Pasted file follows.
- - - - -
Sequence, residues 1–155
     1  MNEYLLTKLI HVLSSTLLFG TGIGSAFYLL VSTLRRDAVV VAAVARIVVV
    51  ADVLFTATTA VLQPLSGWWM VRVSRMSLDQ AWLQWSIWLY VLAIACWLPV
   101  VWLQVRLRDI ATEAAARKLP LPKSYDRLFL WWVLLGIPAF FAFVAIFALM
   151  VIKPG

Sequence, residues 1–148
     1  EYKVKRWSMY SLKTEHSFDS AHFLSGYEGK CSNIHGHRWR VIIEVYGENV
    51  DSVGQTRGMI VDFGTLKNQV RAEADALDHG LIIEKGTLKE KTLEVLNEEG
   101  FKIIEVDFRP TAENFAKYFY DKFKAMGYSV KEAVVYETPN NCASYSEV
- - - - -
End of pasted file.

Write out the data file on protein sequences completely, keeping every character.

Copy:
Sequence, residues 1–155
     1  MNEYLLTKLI HVLSSTLLFG TGIGSAFYLL VSTLRRDAVV VAAVARIVVV
    51  ADVLFTATTA VLQPLSGWWM VRVSRMSLDQ AWLQWSIWLY VLAIACWLPV
   101  VWLQVRLRDI ATEAAARKLP LPKSYDRLFL WWVLLGIPAF FAFVAIFALM
   151  VIKPG

Sequence, residues 1–148
     1  EYKVKRWSMY SLKTEHSFDS AHFLSGYEGK CSNIHGHRWR VIIEVYGENV
    51  DSVGQTRGMI VDFGTLKNQV RAEADALDHG LIIEKGTLKE KTLEVLNEEG
   101  FKIIEVDFRP TAENFAKYFY DKFKAMGYSV KEAVVYETPN NCASYSEV